Excuse me while I have a Dr Evil from Austin Powers moment, but – ‘one hundred and ten b-i-l-l-i-o-n pounds’. That’s what the government thinks we need to update our ageing energy system and keep the lights on.
It sounds like a lot of money. No, let’s be clear, it is a lot of money. So the natural next question is who’s going to foot the bill? And the answer? Yes, you’ve guessed it, we will.
Not through our taxes though, oh no. The cost of ensuring that energy companies invest in new energy generation is going to be added to our ever increasing gas and electricity bills.
Investing in the future
This investment is needed. None of us want power cuts to be a feature of our daily lives. And since our creaking energy infrastructure needs a major overhaul, it makes absolute sense to ensure that we’re reliant on cleaner, greener alternatives in the future – such as renewable energy and nuclear.
Meanwhile the cost of doing nothing and relying on importing gas from overseas could be just as – or even more – expensive. This is why the government’s Energy Bill, published today, is so necessary.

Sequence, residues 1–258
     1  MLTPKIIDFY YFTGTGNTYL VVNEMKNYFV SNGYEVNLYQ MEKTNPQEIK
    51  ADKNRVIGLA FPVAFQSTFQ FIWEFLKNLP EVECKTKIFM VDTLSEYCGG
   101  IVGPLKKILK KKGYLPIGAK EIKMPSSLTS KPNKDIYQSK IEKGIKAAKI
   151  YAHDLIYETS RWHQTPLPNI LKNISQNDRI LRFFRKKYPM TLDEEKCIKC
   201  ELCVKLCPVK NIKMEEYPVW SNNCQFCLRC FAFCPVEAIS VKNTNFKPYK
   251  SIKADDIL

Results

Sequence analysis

Keeping a close eye on costs
My point is that we’re being asked to collectively cough up billions to pay for this investment (businesses will foot the bill too). It is only natural that we expect some assurances from the government that it will be delivered at the lowest possible cost..
This requires some basic things to be put in place. There needs to be transparency about the contracts negotiated between the government and energy generators. There’s got to be scrutiny of the decisions made by ministers with a clear role for consumer representatives to make sure that contracts deliver value for money. And contracts need to be presented to Parliament before they are signed, to make sure that the government is held to account for their decisions.
You would expect this for any other major public project. Think about the level of scrutiny that the Olympic Games costs were put under – and their budget was £9.3 billion. Or think about how the £3.6 billion High Speed Two rail project costs have been put under the microscope.
With energy prices right at the top of your financial concerns, it is absolutely vital that ministers make sure that this process is as rigorous and robust as possible. And Which? will be poring over the Bill over the next few weeks and pressing for it to be toughened so that affordability for consumers is right at its heart.